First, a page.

Many residents in East Jackson were raised to identify as black even though its largely an inherited identity. So what dictates race: where you live, your DNA, the history youre taught?
The stale, smoky air around Clarice Shreck heaves. She takes a long hit of oxygen from the tube under her nose. She leans forward, shifting in her armchair, before releasing her raspy smokers laugh, which is smudged out a second later by her smokers cough.
The pale woman with frizzy grey-streaked hair commands her on-and-off partner of over 20 years, Jimmy who is from one of the few white families in East Jackson to fetch her purse. He plops it on to her lap; she struggles to get at an old piece of paper folded up in her wallet. She slowly unfolds it to present her birth certificate.
Negro, it reads, next to each of her parents names. She looks up triumphantly, victory in her periwinkle eyes. Its a legal document, she says.
The last known full-blooded black person in her family was her great-great-grandfather Thomas Byrd, her parents told her. Photos of them, who both look white, adorn the wooden walls on either side of Shrecks chair. Their stares follow her throughout their former home. They are the ones who told her she was black.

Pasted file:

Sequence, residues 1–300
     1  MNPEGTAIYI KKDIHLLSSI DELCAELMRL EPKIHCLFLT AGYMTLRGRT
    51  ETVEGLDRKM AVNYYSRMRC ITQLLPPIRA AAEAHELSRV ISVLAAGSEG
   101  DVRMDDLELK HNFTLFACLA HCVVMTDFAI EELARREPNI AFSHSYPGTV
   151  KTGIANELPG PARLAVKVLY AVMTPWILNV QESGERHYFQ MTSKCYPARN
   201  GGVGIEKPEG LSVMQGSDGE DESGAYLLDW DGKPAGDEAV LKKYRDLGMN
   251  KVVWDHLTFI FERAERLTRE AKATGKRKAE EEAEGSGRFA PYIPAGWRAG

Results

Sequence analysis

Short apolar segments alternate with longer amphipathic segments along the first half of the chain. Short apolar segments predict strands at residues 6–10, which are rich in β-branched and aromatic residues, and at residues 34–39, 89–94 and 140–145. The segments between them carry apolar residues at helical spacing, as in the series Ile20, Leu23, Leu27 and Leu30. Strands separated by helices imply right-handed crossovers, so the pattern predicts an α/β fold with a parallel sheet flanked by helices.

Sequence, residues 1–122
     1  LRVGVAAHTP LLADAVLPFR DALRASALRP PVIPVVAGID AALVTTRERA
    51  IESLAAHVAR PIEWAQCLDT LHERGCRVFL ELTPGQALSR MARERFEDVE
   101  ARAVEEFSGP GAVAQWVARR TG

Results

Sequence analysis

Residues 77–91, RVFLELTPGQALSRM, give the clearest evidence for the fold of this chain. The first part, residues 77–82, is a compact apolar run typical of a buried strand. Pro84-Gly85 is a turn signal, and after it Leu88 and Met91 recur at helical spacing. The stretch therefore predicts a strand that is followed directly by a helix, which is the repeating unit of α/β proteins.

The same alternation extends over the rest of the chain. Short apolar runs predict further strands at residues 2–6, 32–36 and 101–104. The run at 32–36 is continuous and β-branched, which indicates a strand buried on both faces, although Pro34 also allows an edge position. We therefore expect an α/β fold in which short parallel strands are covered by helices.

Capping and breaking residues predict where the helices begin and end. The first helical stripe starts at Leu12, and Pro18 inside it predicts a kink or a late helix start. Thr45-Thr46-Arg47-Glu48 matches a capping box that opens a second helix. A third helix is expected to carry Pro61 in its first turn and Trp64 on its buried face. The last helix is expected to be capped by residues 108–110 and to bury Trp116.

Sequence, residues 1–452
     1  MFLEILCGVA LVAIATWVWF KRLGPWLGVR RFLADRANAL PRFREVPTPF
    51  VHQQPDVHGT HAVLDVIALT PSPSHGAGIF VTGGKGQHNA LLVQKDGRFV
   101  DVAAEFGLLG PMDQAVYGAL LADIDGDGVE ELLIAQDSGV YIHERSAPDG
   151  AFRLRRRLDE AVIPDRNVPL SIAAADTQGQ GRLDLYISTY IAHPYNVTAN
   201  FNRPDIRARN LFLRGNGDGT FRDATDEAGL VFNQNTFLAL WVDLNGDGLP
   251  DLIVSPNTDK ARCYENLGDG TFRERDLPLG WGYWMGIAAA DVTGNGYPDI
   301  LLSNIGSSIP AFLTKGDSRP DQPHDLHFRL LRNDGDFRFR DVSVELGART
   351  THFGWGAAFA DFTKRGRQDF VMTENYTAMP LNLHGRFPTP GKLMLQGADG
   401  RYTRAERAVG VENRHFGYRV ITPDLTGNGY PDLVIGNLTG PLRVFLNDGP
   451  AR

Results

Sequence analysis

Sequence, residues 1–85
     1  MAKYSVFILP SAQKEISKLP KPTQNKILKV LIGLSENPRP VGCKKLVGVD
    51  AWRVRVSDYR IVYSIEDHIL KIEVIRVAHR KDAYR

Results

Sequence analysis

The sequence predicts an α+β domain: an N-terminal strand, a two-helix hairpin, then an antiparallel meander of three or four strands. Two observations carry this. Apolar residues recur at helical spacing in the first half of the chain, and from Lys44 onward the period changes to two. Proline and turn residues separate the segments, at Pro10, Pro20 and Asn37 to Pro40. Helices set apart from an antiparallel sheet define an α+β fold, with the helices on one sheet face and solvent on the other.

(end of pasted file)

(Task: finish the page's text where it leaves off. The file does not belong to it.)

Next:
Im 53 years old, and thats all Ive ever been raised as: black, Shreck says. So if youre taught that from when Im old enough to understand, up to when youre a grown woman, then [its] born and bred in you and youre automatically black.
Most of Shrecks generation and the generations before her here in East Jackson, on the edge of Appalachian Ohio, were raised to believe they are black. Never mind that they might register to most as white by appearance, or that there is hardly a trace of black ancestry left in their blood. This inherited identity most East Jackson residents still cling to and fiercely protect is based on where they were born and who they were told they are. It comes from a history rooted in racism and an identity placed upon their ancestors and now many of them without their consent.